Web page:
Setarcos's picture

Simple answers to corporations not paying taxes.

Quit paying a military that protects and projects their international enterprizes.

Quit building and maintaining road, rail, air and ALL the conduits for conducting business that corporations now get for free, on the back of tax payers.

Quit providing tax-funded schools which provide the human "feed-stock" for corporations ... oh and quit the public health-care system that keeps the fodder alive and/or repairs damaged people who can no longer work.

Get rid of everything and anything that can ONLY be funded by taxes ... but continue to allow banksters to levy compound interest (a privatatized form of taxation) which provides nothing that actually enables corporations to function.

I am not saying that taxes cannot be misappropriated into gravy trains AND paying bankster interest on private loans taken out by governments, BUT I am saying that NOTHING could function (in the modern world) without taxes that actually enable the grossest tax avoiders to get their ill-gotten gains.

Here is a curly one for all you Ron Paul fans:

If he got his way (of near-zero taxation and government), he would be out of the 'job' he has had, as a politician, for around forty years AND the entire economy would collapse.

Never forget that he is a disciple of Ayn Rand ... that's why he named his son Rand Paul.

Greenspan was/is a disciple of Ayn Rand, so is the Bernank.

"Oh what a tangled web we weave, when first we practice to deceive ..."  Rabbie Burns.

Ron Paul is essentially in the same camp as all other tax avoiders at the high end.

On the one hand he affects to be "on the side" of the little people, whilst being totally in favour of the neo(economic) ideology of removing ALL state protection from the deregulation of financial instruments of mass destruction, e.g. CDS.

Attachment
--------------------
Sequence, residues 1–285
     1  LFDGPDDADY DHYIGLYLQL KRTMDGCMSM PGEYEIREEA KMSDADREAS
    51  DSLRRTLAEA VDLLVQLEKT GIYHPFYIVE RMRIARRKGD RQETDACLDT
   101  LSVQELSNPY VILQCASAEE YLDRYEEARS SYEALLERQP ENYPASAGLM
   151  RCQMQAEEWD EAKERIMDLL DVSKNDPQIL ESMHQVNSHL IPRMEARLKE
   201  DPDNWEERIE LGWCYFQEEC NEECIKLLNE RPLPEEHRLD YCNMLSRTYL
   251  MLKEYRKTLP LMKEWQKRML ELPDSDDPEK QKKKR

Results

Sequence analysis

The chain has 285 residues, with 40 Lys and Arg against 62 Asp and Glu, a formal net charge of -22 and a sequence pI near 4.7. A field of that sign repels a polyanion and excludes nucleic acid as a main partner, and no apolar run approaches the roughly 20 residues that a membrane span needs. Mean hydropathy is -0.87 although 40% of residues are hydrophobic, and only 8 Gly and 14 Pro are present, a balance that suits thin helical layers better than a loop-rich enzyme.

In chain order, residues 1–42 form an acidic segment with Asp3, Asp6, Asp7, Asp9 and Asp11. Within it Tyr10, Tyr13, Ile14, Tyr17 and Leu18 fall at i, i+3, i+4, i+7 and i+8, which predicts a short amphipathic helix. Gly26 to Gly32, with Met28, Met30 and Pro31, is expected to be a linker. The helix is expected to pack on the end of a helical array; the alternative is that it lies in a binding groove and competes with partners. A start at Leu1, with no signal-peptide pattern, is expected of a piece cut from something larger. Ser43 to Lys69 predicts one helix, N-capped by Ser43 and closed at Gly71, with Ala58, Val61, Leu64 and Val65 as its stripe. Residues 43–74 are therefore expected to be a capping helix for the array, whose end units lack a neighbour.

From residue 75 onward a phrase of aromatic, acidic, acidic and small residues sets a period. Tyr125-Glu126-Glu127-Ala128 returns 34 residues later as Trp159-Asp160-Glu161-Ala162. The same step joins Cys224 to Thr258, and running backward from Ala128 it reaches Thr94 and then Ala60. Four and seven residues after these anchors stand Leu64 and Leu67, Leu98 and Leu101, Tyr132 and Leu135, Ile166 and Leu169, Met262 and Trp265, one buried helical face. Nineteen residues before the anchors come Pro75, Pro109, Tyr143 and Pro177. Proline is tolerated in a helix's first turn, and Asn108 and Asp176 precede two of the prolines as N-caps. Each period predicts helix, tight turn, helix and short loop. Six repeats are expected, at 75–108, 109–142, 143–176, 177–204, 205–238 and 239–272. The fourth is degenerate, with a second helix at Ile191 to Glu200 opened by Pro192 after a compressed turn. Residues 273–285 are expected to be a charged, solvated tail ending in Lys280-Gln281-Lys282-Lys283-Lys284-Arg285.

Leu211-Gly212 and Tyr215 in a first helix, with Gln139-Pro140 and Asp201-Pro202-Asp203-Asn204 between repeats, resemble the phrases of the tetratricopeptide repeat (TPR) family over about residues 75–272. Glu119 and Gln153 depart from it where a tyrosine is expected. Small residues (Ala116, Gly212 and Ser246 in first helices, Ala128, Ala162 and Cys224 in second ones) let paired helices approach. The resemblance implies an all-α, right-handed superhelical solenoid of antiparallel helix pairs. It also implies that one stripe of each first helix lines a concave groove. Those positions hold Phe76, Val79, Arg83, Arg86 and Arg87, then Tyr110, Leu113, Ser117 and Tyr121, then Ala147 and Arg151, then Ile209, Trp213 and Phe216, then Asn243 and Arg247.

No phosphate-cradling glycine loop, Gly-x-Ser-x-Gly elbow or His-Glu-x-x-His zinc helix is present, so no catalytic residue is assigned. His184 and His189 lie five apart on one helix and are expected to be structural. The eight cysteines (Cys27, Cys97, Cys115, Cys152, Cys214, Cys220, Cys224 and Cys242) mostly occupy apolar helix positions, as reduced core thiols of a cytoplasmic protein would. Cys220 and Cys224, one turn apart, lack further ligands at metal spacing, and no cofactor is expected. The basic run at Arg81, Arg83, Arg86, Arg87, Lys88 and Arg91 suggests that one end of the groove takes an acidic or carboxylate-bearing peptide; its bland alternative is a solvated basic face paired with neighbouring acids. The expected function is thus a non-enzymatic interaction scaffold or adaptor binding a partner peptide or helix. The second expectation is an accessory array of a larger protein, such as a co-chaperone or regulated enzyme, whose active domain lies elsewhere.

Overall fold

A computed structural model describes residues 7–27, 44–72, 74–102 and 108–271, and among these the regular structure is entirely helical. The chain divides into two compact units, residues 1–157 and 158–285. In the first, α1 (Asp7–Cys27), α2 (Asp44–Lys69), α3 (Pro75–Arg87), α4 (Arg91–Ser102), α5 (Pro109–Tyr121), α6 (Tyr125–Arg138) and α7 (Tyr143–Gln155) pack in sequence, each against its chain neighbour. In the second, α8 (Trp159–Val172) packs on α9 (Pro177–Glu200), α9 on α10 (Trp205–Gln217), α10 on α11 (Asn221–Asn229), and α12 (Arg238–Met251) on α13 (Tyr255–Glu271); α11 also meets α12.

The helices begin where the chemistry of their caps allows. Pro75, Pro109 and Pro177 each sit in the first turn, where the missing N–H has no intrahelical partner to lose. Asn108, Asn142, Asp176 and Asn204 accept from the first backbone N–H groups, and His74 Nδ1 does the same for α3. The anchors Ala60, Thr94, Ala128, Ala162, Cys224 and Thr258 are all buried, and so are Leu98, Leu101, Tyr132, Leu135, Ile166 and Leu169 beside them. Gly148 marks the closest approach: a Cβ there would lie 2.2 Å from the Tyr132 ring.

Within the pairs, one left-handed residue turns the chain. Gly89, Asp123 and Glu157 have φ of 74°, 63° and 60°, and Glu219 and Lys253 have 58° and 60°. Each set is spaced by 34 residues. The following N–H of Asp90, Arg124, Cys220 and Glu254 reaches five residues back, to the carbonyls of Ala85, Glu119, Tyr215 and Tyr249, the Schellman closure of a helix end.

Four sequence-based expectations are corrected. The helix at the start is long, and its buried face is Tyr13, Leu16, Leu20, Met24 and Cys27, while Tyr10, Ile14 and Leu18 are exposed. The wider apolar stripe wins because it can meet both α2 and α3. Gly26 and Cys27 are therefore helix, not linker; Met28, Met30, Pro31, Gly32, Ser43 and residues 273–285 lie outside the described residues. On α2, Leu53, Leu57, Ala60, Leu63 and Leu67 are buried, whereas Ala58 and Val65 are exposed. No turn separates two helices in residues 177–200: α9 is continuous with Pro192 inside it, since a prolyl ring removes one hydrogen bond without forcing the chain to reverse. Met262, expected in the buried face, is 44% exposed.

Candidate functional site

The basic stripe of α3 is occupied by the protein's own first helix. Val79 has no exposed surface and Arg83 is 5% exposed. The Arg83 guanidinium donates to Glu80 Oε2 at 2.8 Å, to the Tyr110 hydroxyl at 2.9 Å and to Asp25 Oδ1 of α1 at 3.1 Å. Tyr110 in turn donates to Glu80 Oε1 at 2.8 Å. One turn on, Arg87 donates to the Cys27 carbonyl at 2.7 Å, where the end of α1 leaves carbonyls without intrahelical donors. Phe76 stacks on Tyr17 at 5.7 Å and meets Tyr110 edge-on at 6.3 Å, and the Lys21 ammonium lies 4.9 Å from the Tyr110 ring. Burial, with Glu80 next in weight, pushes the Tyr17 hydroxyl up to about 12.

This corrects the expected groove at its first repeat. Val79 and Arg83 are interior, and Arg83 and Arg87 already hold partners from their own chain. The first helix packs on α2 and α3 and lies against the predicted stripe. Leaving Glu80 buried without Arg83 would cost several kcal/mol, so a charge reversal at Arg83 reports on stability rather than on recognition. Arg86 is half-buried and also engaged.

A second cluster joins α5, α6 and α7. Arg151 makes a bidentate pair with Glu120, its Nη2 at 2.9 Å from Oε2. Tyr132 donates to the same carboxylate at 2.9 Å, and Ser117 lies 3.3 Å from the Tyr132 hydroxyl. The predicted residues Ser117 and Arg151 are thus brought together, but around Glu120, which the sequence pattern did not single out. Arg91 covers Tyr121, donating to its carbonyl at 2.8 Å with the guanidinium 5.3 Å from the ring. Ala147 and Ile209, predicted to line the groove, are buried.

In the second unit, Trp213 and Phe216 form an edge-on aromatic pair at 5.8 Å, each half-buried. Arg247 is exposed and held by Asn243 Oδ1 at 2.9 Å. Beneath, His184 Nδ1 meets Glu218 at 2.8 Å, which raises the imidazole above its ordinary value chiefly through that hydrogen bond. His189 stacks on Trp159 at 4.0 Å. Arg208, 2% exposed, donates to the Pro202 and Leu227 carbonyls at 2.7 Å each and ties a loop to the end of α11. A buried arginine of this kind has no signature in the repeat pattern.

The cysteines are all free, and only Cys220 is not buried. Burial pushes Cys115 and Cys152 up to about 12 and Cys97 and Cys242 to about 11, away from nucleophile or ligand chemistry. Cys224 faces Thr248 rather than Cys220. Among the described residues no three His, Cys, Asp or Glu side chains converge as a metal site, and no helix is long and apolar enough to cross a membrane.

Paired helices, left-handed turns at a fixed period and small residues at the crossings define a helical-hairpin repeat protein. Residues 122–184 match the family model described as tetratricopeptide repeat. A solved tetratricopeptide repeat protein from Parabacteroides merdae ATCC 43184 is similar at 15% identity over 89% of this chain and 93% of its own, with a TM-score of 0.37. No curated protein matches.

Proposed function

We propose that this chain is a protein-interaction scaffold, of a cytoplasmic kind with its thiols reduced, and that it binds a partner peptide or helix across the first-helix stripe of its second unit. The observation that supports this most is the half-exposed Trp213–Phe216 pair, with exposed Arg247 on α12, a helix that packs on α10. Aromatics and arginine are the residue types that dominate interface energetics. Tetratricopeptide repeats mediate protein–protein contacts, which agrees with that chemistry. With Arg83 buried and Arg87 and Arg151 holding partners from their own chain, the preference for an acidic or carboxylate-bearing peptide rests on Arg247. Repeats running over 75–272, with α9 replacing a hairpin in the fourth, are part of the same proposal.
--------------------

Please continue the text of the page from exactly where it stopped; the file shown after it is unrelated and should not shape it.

Whatever ...

We are on the cusp of VERY major changes.

Will the likes of Ron Paul totally destroy any kind of "social contract" between government and the general OWS/99% population?

Will "civil society" collapse into yet another instance of fascism ... the joining of corporate and state interests?

Will economic/financial tensions yield WW3?

That does seem likely ... given the defeat of Libya, threats against Syria and Iran ... and the Russian Federation drawing a line in the sand on those global issues.

"May you be cursed to live during interesting times."

 

Thu, 12/08/2011 - 10:16 | Link to Comment Judge Arrow
Judge Arrow's picture

Fresh from a meeting in his convoluted mind, a meeting packed with shouted quotations, factoids and incontinence, Setarcos exemplifies how we are doomed to inchoate babbling whilst beating each other with sticks.

Thu, 12/08/2011 - 17:29 | Link to Comment Setarcos
Setarcos's picture

Thanks.

Thu, 12/08/2011 - 09:58 | Link to Comment g speed
g speed's picture

Wow a mind reader--telling us exactly what is tn RP's mind and thoughts ---amazing to say the least--

I say you're a fucking troll-- not to mention very stupid if you believe what you write.

 

Thu, 12/08/2011 - 17:39 | Link to Comment Setarcos
Setarcos's picture

Thanks. Though I do not pretend to know whst is IN RPs mind ... I only go on what he says.